Like other systems (CodePush...), Expo provides a system to update your app over the air. This means you upload your JS bundle on a CDN and the mobile apps will automatically download and use the new JS on next startup (without requesting a publication/review from the stores).
Expo provides a CLI tool to upload/manage the JS bundles on their CDN. For development you can also choose to become the CDN and host the JS bundle on localhost. And XDE is just a visual wrapper on the CLI.
The Expo client is a generic client that permits to load any app that is compatible with Expo. All the Expo apps do share the exact same native runtime (RN + ExpoKit), the only difference is the JS that we give them. The Expo apps you publish to the app stores have your JS bundle url hardcoded in it. The Expo client is build in a specific way so that you can choose from which url to load the JS, by scanning a QRCode or providing an url.
Note that this client can also load JS bundles from localhost, and make your development experience easier: no need for XCode or Android Studio, and it gets much faster to get your first Hello World running on the phone (from hours to minutes). You can actually develop on an iPhone without a Mac and the setup takes 2 minutes.
Actually as the Expo SDK can be upgraded, the Expo client includes a compatibility layer so that it is able to run the last 5 SDK versions.
As all the Expo apps share the same native code, Expo is able to easily build these apps for you. They have created a cloud build service.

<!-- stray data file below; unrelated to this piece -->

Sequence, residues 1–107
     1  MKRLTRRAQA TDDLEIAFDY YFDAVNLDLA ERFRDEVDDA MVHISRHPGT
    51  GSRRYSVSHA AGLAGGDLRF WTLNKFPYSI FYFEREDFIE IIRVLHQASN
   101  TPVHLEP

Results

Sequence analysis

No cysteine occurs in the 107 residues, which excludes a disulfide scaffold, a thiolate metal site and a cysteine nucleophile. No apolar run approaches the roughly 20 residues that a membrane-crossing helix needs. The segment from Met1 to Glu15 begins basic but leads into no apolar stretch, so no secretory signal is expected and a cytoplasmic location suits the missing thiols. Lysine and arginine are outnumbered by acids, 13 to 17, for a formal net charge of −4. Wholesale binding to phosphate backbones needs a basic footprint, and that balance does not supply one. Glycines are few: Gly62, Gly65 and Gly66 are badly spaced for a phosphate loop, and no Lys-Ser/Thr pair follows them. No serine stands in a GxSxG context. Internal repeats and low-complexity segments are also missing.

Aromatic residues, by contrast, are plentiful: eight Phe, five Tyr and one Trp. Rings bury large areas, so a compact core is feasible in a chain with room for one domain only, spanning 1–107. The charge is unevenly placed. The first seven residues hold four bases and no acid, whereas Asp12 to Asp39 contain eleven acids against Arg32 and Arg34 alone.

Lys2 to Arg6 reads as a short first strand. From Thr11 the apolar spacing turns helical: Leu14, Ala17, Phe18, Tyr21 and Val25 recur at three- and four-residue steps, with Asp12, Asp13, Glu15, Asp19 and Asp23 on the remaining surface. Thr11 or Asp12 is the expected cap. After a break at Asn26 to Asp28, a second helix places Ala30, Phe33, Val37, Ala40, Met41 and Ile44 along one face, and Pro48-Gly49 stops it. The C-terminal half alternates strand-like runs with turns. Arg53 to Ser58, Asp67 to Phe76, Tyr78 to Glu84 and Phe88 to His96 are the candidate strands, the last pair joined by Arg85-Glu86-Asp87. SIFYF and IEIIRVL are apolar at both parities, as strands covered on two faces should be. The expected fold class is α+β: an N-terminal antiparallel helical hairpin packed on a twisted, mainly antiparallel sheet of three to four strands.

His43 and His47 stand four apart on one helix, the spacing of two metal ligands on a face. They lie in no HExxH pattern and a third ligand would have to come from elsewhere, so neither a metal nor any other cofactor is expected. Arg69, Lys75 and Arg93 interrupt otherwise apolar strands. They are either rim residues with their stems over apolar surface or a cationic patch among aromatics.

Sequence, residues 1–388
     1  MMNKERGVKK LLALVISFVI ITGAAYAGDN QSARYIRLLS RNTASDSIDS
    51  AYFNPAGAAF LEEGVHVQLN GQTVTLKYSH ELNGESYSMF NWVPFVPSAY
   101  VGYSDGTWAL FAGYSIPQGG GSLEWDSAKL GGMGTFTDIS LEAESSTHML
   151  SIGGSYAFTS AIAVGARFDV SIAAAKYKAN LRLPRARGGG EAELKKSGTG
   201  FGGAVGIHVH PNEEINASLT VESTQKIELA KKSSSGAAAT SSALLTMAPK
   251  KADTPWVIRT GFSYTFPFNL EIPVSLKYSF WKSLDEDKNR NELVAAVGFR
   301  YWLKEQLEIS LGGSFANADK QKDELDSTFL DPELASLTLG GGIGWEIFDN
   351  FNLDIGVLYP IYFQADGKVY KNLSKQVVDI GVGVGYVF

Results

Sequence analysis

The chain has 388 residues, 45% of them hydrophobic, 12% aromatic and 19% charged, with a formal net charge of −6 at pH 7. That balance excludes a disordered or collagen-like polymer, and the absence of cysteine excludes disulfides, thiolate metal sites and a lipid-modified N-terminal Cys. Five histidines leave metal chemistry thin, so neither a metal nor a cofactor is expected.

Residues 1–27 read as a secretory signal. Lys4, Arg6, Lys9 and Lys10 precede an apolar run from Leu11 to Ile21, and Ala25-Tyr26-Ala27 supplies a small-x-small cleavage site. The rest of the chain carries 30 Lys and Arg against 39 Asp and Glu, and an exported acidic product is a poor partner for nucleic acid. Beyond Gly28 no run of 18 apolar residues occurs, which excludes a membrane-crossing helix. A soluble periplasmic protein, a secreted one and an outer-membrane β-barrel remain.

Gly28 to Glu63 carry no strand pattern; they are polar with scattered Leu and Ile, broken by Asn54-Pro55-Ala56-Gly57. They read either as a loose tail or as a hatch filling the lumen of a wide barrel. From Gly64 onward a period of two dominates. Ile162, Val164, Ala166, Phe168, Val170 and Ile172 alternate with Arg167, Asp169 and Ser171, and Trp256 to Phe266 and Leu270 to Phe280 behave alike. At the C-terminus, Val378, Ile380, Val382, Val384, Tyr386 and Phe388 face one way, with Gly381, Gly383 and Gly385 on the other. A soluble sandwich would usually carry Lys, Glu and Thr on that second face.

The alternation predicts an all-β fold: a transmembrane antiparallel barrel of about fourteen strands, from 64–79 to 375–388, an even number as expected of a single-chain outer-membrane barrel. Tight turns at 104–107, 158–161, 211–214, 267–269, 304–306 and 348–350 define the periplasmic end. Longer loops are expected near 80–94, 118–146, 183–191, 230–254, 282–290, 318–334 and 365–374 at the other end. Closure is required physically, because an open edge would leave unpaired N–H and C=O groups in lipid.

The major thing that differenciate 2 apps built by Expo is just the hardcoded url to which the app is supposed to download the JS bundle to run.
Expo does some other things for you, like providing a declarative way to setup app icons, orientations, permissions, api keys, helping you setup push notifications, provisioning profiles... many settings have to be hardcoded at build time in the app and can't be changed over the air.
PhoneGap is similar to Expo. They both try to enrich the raw API of the underlying platform they are built on with a predefined set of additional native plugins. PhoneGap also offers a build service and has a generic client that work as long as you use the approved plugins.
As you can see, Expo is a set if tools. At the end it permits to easily develop, share and publish to the stores your mobile projects. It is quite similar to the PhoneGap experience (but a lot better and less confusing).
I will definitively recommend Expo for any new React Native greenfield project, except these 2 cases: